I bet you just thought you wanted to make a film, didn't you

    But the point is once you know you can hold a camera, you need to work out why you're making the film. You needn't necessarily have an answer to that when your shooting (though it will make life a lot easier in the edit if you do), but as you examing the footage and begin to piece together your ideas, you will need to address these and much more in order to make a successful film which you'll be satisfied with.
    Tim

  3. #3

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    To be honest it's hard to rip apart amazing aerial footage. Ok you could have trimmed it shorter so it ended the same time as the song I suppose. I think there was only 2 cuts in the whole 9:34. At about 2:00 The first cut was when the aircraft was flying toward a shadow on the ground. Then the cut gave the impression that the aircraft had moved back as the new shadow was further away from the first clip. so I would have trimmed a couple of second off the beginning of the incoming clip. This would have made the continuity better.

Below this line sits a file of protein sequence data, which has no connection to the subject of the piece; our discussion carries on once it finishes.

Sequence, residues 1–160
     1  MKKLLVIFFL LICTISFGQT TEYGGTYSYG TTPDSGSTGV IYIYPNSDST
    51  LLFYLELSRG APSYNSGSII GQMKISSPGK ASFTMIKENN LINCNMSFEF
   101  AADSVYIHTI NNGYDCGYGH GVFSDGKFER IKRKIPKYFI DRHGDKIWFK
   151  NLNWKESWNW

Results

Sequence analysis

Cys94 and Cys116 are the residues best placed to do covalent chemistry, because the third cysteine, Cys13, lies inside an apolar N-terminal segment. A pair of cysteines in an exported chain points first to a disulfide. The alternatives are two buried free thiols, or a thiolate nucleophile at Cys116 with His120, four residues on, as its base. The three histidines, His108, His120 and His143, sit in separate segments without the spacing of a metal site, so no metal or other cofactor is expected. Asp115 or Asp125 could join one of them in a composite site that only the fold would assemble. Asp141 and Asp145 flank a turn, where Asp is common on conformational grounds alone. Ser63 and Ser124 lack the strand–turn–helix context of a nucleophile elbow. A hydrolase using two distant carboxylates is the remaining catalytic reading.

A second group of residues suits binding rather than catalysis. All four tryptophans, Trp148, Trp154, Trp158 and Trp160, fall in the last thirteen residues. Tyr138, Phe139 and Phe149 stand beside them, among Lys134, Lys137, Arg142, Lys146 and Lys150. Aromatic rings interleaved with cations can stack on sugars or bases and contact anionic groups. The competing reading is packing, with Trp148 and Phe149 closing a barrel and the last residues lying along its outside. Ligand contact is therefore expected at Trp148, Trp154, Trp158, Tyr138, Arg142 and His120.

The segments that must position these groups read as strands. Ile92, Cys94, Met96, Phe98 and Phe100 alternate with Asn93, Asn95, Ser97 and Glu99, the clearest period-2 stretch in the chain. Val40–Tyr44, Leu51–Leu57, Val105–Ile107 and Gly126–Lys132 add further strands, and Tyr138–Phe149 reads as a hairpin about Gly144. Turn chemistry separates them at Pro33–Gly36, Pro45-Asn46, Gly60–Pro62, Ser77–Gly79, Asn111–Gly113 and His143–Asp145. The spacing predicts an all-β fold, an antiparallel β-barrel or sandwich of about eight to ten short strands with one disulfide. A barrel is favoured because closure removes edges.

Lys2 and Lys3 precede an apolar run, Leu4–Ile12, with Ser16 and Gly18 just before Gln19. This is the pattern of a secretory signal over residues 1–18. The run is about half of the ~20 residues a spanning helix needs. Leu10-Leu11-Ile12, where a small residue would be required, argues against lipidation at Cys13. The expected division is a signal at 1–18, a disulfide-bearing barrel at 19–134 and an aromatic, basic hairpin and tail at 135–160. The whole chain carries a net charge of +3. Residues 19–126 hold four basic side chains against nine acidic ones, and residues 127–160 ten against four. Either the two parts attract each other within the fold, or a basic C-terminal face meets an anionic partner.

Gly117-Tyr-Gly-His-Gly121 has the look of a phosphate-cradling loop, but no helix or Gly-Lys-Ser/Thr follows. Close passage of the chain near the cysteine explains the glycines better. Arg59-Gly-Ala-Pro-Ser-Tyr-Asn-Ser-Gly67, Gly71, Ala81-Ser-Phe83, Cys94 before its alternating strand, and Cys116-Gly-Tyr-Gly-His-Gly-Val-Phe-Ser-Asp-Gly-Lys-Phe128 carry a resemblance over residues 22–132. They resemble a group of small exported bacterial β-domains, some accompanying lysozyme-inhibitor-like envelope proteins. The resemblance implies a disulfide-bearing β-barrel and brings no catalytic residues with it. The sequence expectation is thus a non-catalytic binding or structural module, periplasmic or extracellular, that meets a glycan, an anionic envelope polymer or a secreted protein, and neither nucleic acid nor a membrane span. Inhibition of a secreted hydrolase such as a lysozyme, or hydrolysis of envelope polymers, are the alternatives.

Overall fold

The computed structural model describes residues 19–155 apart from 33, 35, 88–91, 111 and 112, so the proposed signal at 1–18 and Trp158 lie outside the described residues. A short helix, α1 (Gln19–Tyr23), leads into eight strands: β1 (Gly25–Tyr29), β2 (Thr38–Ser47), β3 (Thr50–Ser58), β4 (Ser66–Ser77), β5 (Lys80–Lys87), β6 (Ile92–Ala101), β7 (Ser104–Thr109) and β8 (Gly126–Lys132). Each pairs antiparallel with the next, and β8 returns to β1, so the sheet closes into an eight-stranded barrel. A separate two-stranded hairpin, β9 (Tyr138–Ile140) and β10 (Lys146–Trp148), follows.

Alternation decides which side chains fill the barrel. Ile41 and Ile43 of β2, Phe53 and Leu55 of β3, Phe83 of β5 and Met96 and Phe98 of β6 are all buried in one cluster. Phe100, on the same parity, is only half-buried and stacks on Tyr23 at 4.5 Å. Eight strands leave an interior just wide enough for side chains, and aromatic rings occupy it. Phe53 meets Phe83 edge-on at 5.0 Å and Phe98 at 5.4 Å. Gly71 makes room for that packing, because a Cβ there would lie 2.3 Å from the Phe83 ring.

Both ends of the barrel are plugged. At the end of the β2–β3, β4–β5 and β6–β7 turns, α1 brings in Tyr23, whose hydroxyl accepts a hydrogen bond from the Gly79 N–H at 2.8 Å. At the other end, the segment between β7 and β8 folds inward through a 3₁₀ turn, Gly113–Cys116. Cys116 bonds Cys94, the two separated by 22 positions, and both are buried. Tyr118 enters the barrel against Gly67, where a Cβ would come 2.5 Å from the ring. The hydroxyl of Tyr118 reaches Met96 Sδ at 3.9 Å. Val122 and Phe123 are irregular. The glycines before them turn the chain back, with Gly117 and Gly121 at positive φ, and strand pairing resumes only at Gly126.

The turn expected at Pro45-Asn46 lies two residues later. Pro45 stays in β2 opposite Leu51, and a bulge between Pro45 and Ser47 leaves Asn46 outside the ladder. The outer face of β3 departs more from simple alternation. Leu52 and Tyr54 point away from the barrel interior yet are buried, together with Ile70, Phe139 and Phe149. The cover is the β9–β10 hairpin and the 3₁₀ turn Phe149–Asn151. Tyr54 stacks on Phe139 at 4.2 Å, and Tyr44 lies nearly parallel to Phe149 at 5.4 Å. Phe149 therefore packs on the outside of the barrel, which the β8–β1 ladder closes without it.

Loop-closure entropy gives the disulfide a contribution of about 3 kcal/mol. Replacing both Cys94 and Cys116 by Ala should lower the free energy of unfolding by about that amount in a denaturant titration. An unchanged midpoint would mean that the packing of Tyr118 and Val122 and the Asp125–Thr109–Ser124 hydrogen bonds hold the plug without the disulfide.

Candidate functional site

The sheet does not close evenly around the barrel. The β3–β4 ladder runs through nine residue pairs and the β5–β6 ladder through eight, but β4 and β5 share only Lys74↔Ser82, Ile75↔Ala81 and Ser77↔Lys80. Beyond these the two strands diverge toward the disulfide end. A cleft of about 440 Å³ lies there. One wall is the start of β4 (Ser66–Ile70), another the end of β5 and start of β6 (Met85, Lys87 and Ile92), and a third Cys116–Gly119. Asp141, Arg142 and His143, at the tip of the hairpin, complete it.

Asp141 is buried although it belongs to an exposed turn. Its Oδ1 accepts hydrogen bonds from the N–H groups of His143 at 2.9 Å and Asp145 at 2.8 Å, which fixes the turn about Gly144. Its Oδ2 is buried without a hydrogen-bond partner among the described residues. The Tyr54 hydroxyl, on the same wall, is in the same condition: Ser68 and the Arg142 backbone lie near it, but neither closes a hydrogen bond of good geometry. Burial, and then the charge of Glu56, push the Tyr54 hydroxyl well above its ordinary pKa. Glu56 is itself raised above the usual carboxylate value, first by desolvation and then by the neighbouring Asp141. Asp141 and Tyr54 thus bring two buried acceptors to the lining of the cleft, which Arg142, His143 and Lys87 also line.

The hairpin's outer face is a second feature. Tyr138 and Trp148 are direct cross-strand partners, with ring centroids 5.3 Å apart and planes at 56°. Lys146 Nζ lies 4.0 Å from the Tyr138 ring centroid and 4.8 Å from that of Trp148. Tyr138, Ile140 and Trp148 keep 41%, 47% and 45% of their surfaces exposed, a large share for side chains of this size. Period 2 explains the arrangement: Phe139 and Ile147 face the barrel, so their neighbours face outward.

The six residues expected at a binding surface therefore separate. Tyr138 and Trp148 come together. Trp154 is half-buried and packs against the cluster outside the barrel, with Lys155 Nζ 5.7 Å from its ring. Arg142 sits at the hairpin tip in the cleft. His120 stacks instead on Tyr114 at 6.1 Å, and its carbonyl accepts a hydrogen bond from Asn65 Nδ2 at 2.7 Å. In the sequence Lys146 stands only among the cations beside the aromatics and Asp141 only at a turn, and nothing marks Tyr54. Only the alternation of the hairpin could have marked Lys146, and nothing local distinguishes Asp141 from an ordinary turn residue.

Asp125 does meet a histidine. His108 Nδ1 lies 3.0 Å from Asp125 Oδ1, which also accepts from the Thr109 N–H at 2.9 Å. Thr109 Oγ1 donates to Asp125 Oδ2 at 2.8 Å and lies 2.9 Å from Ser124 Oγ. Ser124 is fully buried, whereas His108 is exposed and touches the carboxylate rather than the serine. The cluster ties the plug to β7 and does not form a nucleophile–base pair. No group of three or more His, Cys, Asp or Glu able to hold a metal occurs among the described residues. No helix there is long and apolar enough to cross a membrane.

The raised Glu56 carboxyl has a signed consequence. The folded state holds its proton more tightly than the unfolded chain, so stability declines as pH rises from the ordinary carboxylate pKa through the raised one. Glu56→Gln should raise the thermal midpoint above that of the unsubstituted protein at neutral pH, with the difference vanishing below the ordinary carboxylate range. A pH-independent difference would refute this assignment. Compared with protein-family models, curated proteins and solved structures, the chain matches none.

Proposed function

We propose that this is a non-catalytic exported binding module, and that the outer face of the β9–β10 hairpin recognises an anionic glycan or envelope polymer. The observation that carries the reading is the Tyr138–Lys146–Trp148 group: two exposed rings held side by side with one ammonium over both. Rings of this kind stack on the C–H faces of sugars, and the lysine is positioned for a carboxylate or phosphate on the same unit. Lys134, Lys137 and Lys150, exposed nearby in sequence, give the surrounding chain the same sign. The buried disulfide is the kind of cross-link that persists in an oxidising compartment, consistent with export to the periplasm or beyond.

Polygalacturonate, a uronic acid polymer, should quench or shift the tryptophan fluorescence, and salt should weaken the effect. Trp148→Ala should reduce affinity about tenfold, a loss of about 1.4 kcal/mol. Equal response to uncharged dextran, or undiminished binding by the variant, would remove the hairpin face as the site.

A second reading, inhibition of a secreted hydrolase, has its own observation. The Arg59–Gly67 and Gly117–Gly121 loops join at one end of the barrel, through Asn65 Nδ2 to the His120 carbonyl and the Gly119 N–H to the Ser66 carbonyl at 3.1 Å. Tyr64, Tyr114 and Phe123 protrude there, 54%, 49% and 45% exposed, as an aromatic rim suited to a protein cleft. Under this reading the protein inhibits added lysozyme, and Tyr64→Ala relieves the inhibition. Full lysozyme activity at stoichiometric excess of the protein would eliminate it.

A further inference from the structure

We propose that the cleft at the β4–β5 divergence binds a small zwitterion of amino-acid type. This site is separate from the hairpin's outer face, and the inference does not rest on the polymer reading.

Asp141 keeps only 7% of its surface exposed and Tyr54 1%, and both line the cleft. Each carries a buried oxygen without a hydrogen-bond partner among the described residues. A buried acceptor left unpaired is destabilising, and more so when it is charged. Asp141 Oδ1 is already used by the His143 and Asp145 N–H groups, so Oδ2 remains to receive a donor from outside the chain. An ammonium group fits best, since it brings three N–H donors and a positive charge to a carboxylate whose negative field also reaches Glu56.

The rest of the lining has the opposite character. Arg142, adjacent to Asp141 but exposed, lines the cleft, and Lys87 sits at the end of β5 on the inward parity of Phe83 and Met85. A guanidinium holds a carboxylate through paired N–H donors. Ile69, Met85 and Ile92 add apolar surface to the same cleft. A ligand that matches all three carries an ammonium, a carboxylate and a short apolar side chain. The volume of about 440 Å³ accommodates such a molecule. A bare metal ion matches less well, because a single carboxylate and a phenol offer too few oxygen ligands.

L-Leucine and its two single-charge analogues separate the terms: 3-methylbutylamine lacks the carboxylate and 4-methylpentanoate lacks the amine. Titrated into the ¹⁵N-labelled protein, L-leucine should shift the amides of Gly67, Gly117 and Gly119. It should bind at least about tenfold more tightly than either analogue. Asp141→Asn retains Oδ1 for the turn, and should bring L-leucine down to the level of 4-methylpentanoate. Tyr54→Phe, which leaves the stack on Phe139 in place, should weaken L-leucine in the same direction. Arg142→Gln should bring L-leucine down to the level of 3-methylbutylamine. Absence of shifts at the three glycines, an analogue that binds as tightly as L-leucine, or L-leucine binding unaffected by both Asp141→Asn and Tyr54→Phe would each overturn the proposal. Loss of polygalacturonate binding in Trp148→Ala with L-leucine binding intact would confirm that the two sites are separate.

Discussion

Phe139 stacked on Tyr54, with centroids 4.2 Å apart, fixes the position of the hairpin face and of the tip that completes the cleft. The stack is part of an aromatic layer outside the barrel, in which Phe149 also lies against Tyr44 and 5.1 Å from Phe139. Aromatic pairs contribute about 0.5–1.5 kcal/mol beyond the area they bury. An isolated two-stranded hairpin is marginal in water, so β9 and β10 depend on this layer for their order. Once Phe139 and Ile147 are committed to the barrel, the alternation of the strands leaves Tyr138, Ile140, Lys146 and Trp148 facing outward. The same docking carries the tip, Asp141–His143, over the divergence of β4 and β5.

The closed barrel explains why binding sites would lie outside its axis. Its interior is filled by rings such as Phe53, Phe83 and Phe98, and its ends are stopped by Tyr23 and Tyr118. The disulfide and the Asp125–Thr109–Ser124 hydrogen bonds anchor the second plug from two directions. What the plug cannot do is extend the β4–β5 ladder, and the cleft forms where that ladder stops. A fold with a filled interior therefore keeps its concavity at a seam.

I have a question what did you fix the camera to? It's obviously a good steady shot. If you have the opportunity to point the camera in other directions ie the side window or even a bit of inside the cockpit just to give a bit more interest.

    Thanks for sharing.

    Well it was certainly great footage. Great smooth landing as well.

  4. Default

    Quote Originally Posted by TimStannard View Post
    If I wanted to record my own flight and the scenery around Arizona for my own memories, that's pretty much the film I would have made. I don't know whether a polarizing filter would help reduce some of the glare from the windshield which is reducing the contrast a bit.

    If you were showing it to friends, you'd no doubt talk over it about some of the scenery, but I'm not sure this would have stood a narration as is.